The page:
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SD 2008 Election Forecast: Will Momentum Towards the Democrats Continue?

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South Dakota, one of the most reliably Republican states in the Midwest, will be an interesting state to watch in 2008. First, the state will have a high-profile Senate race, whether or not the state's senior Senator, Democrat Tim Johnson, decides to run for a third term. Johnson is recovering from a brain hemorrhage last December, though his former colleague Tom Daschle stated earlier this summer that Johnson will seek re-election.

Last election, however, South Dakota voters seemed to move a bit closer to the Democratic side of the political spectrum—as did most states across the U.S. in Election 2006. The state's at-large Representative to Congress, rising Democratic star Stephanie Herseth, won the third largest victory for a Democrat in a South Dakota U.S. House race in five decades (winning by 40 points).

But the biggest news for the Democrats came in the state Senate. From 2000 to 2004, Democrats lost by 24-11, 25-10, and 25-10 seat margins. In 2006, they gained five seats, losing 20-15.

Even more telling, the average margin of victory in state Senate races became, comparatively, much more competitive. The average margin of victory in such races in 2000 was 51 points, followed by 62 points in 2002, and 49 points in 2004. In 2006 this was cut in half, with a 25-point average margin of victory—including 14 races decided by 10 points or less. From 2000 to 2004 only 10 of the 105 Senate races were decided by this margin. While Democrats failed to field candidates in 6 Senate races last year, 45 percent of votes for state senator still went to the Democrats, compared to just 34 percent over the previous three election cycles.

But the news is not all good for Democrats—Governor Mike Rounds won re-election by nearly twice the margin as his inaugural victory in 2002.

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Political Crumbs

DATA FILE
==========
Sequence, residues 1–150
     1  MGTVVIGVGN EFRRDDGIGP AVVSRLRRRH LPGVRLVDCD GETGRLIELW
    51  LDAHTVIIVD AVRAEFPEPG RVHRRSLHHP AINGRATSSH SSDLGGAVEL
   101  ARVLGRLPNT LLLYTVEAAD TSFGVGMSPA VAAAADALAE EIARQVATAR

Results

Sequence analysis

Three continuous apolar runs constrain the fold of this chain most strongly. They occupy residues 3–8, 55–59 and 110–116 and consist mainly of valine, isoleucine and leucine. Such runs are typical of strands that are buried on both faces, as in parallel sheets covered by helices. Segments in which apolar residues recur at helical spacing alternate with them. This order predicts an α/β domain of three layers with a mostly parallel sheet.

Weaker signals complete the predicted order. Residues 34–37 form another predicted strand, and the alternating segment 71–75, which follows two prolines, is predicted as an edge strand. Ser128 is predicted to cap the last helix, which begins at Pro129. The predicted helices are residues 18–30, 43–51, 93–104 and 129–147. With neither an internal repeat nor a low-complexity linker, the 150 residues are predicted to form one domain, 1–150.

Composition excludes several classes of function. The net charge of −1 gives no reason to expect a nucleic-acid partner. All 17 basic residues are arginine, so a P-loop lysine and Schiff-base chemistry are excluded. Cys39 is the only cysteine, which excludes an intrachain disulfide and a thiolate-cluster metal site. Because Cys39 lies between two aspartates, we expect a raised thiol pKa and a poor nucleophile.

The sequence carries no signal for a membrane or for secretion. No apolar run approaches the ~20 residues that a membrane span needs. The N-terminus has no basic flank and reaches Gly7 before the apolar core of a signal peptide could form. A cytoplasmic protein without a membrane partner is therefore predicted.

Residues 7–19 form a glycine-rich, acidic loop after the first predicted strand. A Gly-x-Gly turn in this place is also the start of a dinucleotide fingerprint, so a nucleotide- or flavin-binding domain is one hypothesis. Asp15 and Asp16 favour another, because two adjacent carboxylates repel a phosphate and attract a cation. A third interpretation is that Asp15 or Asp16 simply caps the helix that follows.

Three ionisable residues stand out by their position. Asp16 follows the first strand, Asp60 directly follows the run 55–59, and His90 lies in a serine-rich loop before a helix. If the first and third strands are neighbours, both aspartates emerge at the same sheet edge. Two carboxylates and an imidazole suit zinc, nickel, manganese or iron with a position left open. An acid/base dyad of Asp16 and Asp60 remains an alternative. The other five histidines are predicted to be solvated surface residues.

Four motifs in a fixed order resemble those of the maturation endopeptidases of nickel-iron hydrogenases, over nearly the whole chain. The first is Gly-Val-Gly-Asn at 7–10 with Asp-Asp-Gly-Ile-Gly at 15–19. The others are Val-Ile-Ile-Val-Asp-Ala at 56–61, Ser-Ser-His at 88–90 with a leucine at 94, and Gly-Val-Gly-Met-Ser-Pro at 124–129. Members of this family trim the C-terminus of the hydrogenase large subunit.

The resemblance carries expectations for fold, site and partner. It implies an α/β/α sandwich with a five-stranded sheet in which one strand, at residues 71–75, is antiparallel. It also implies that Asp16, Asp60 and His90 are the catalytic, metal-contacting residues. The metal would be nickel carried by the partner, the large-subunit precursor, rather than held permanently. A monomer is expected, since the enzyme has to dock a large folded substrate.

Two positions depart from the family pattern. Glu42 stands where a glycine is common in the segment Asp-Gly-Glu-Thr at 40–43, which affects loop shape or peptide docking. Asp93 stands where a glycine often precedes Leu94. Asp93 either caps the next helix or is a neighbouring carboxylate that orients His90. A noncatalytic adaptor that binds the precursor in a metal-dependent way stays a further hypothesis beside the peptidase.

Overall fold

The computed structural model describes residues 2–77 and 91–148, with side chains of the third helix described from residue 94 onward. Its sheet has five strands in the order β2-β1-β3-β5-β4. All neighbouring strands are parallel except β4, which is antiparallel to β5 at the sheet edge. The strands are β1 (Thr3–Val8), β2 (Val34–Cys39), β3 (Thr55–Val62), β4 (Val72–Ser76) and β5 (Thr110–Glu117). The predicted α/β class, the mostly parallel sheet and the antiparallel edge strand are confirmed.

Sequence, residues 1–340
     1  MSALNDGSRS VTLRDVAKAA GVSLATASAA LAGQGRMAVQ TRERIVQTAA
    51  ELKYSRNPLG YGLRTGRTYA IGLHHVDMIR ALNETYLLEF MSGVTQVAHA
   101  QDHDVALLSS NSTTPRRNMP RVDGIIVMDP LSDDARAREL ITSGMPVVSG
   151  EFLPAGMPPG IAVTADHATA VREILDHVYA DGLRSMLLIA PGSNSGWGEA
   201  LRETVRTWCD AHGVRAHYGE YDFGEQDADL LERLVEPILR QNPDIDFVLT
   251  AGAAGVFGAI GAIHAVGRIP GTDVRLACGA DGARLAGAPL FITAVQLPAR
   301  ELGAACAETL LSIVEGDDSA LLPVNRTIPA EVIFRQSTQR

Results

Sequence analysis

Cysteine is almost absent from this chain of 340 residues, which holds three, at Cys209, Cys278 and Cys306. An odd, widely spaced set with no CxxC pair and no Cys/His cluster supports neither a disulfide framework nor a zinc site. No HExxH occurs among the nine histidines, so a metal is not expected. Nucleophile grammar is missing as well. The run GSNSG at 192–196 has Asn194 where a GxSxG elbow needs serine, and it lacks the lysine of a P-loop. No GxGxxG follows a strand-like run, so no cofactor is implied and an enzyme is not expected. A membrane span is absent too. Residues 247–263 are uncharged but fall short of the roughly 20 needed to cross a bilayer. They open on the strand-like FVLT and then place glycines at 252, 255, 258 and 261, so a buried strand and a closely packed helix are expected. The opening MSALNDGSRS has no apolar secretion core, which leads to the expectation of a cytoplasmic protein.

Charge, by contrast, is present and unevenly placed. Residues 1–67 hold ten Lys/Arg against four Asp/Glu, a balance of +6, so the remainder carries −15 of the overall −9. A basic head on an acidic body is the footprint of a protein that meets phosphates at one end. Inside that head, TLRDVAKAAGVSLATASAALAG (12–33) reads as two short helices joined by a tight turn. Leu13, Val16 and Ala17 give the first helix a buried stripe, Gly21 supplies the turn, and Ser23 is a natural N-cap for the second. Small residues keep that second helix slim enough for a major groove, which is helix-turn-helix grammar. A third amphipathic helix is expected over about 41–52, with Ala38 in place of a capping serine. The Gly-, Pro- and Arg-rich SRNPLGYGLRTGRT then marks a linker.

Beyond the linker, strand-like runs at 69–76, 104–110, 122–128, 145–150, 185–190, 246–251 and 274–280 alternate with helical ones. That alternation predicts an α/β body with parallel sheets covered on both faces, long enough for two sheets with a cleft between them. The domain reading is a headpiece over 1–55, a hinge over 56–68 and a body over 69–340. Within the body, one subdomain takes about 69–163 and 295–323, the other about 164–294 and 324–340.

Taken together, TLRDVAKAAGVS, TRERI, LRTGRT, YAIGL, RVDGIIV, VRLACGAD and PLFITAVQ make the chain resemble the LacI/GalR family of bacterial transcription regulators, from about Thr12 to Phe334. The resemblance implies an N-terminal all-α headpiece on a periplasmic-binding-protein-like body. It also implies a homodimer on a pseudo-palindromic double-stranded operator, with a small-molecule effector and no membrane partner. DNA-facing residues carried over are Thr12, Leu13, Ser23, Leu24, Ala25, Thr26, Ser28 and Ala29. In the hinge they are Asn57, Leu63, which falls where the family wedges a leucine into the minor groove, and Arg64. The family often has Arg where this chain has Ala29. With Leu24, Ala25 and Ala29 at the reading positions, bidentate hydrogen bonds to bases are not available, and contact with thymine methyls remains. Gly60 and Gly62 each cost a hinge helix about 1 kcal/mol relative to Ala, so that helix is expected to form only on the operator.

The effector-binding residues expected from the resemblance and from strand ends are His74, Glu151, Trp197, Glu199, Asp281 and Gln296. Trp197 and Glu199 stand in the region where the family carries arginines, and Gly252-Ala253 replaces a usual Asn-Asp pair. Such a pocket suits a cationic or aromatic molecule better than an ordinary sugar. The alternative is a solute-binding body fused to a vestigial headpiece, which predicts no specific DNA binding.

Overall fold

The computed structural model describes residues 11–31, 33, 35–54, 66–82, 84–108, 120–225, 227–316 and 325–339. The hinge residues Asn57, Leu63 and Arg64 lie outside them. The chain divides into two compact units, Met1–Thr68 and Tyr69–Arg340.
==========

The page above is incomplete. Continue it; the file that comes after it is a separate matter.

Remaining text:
Strike Three for Miller-Meeks

Iowa Republicans had a banner day on November 4th, picking up both a U.S. Senate seat and one U.S. House seat, but Mariannette Miller-Meeks' defeat in her third attempt to oust Democrat Dave Loebsack in the 2nd CD means the GOP will not have a monopoly on the state's congressional delegation in the 114th Congress. The loss by Miller-Meeks (following up her defeats in 2008 and 2010) means major party nominees who lost their first two Iowa U.S. House races are now 0 for 10 the third time around in Iowa history. Miller-Meeks joins Democrat William Leffingwell (1858, 1868, 1870), Democrat Anthony Van Wagenen (1894, 1912 (special), 1912), Democrat James Murtagh (1906, 1914, 1916), Democrat Clair Williams (1944, 1946, 1952), Democrat Steven Carter (1948, 1950, 1956), Republican Don Mahon (1966, 1968, 1970), Republican Tom Riley (1968, 1974, 1976), Democrat Eric Tabor (1986, 1988, 1990), and Democrat Bill Gluba (1982, 1988, 2004) on the Hawkeye State's Three Strikes list.


Larry Pressler Wins the Silver

Larry Pressler may have fallen short in his long-shot, underfunded, and understaffed bid to return to the nation's upper legislative chamber, but he did end up notching the best showing for a non-major party South Dakota U.S. Senate candidate in more than 90 years. Pressler won 17.1 percent of the vote which is the best showing for an independent or third party U.S. Senate candidate in the state since 1920 when non-partisan candidate Tom Ayres won 24.1 percent in a race won by Republican Peter Norbeck. Overall, Pressler's 17.1 percent is good for the second best mark for a non-major party candidate across the 35 U.S. Senate contests in South Dakota history. Independent and third party candidates have appeared on the South Dakota U.S. Senate ballot just 25 times over the last century and only three have reached double digits: Pressler in 2014 and Ayres in 1920 and 1924 (12.1 percent). Pressler's defeat means he won't become the oldest candidate elected to the chamber in South Dakota history nor notch the record for the longest gap in service in the direct election era.


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